Today my Facebook feed is full of beautiful tributes and happy wishes for moms. I like this holiday, the flowers and cards and attention. 😉 I enjoy thinking about the loving things, like rocking and reading stories and baking cookies. But let’s be honest: so much of what we do has a mind numbing repetition and it is good to know that it really does add up, in the end, to a nurtured child.
I mean, who knew that you would have to repeat so often those choice bits of motherly advice? I hear myself saying the exact same things to my children that my mom said to me.
- Life isn’t fair and you might as well accept it.
- Don’t throw balls in the house!
- Use a tissue!
- Shut the door!
- You don’t ever say you hate somebody.
And all those women who got cards and flowers today… what did they have in common that caused them to be so loved that even a tough grown son would write on their Facebook wall something like this, “Mom, I know I was a pain growing up and I want to thank you today for being such a great mother anyway.”
I am hazarding a guess that she didn’t spout out wise platitudes every day, but maybe more like, “Don’t pick your nose! Who had it first? When you hurt somebody accidentally, you still say sorry,” etc. etc. And then she swatted his backside and sent him out to play, fully aware that he hadn’t really understood what she said and she would be repeating herself the next day. Maybe she sighed and prayed and made another batch of scrambled eggs and washed another load of jeans and wiped the grime off the bathroom sink.
I suppose this is why I don’t always feel very pious about my “lofty calling”. Daily life seems so ordinary and I know myself to be quite flawed and prone to messing up, even with these amazing little miracles we call our children. Don’t get me wrong, I do earnestly want to get this right, this shot I have been given at mothering. It just seems so incredible that commonplace mortals have been assigned to a task that, were we to read the “high-calling literature” just the way it is written, we would have to assume that children are too fragile to be entrusted to anyone but angels. And angels we are not!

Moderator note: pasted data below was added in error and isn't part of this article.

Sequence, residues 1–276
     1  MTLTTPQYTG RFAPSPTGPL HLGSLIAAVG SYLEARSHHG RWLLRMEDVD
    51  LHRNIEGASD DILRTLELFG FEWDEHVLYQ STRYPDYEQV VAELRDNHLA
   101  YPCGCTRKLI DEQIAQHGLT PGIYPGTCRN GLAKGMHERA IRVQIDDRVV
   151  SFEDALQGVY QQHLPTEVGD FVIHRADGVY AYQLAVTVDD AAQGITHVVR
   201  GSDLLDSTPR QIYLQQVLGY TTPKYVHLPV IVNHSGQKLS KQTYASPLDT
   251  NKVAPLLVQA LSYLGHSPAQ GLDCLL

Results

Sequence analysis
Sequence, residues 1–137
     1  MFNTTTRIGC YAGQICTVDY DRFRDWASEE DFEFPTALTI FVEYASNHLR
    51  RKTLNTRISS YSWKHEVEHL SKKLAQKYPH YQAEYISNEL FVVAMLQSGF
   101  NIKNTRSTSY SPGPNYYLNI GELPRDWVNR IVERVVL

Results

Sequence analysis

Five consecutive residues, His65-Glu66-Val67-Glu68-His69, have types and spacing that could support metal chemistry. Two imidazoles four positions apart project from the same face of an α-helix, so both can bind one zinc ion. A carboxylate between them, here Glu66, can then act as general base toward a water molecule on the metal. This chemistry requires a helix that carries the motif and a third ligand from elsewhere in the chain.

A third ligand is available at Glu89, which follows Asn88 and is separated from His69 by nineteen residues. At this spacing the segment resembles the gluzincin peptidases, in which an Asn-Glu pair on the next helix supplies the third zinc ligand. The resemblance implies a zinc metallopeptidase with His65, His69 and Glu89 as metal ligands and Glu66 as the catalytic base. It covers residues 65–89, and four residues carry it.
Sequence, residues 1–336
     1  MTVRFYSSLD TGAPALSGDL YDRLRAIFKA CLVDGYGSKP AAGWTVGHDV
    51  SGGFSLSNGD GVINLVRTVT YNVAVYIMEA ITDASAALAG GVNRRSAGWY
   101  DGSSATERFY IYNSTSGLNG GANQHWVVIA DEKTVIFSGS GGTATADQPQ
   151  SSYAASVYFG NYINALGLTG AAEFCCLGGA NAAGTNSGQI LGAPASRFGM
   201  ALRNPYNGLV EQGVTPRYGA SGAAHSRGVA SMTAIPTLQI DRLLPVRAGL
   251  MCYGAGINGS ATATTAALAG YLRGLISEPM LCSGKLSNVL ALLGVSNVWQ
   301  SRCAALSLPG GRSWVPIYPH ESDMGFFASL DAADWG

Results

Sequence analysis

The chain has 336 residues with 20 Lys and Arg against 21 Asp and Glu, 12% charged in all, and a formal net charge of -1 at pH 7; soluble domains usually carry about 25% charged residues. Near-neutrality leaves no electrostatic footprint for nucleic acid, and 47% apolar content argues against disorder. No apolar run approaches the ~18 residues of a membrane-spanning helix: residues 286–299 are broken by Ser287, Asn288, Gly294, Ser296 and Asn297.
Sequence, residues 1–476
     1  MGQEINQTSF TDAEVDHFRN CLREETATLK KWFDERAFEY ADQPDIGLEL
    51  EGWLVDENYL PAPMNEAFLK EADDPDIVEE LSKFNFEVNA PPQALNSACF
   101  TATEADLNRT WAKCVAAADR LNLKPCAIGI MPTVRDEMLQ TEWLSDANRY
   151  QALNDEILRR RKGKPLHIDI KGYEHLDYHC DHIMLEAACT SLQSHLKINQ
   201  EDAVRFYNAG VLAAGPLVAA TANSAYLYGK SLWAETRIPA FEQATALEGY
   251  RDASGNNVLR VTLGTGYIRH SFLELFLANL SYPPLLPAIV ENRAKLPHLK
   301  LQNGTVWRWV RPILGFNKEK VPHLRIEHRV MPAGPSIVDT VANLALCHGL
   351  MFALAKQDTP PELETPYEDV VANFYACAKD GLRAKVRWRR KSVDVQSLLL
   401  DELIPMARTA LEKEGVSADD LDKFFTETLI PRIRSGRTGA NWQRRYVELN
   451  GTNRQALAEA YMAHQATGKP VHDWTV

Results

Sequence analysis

In the early days of parenting, I used to cast about for methods, child-training gurus, books on sleep training, guides to teach children manners, you-name-it. I took my child’s failings personally, agonizing privately to my husband, “If I were a good mother, we would not be dealing with this. I must have missed it somewhere.” (My husband always assured me that this was actually a lie, and I should pitch it out.) This was a very heavy weight of responsibility and more than a little frustrating when the tried and true methods didn’t always work.
One day it dawned on me that children just are not one size fits all. Nobody else was ever given our particular children to raise. I could ask for advice and pick the brains of the wise and learn from them but in the end, they were our children. I couldn’t blame ——- ——- for our issues. Nobody is wise enough to cover all the angles of everybody else’s children. (Do This=This Good Result.) But wait, there is someone Who is really THAT WISE.
James 1:5 If any of you lacks wisdom, let him ask of God, who gives to all liberally and without reproach, and it will be given to him.
I decided to give up the quest for a fool-proof method and quit acting like this was all up to me to figure out. This is very homespun and practical, but it gives me confidence to realize that I certainly meet the requirement of lacking wisdom, God is still a liberal giver, and all I have to do is ask in faith. I started asking God the silliest questions, like stuff about weaning away from binkies or getting my son to eat his peas, and more burdensome stuff, like the problem with lying. Lots of times I woke in the morning with a fresh idea that I knew didn’t just come out of my own head. Sometimes God may use that book I bought or the other mom’s blog post, or maybe He will teach me something from my husband. “She is big enough to throw her binky into the trashcan by herself and understand that it is gone.” (And guess what, she was, and that was the end of it, no trauma for life or anything like that.)
I am intrigued… what do all the women who are blessed by their children (biological or otherwise) today have in common? I suppose it could be called something noble like “sacrifice” or something more simple like “do-the-next-thing.” Maybe, despite ourselves, we are all becoming a little less selfish and a little more sage about life in the process. And just maybe the everyday routine matters more than we think it does, with the end result, by the grace of God, a nurtured child.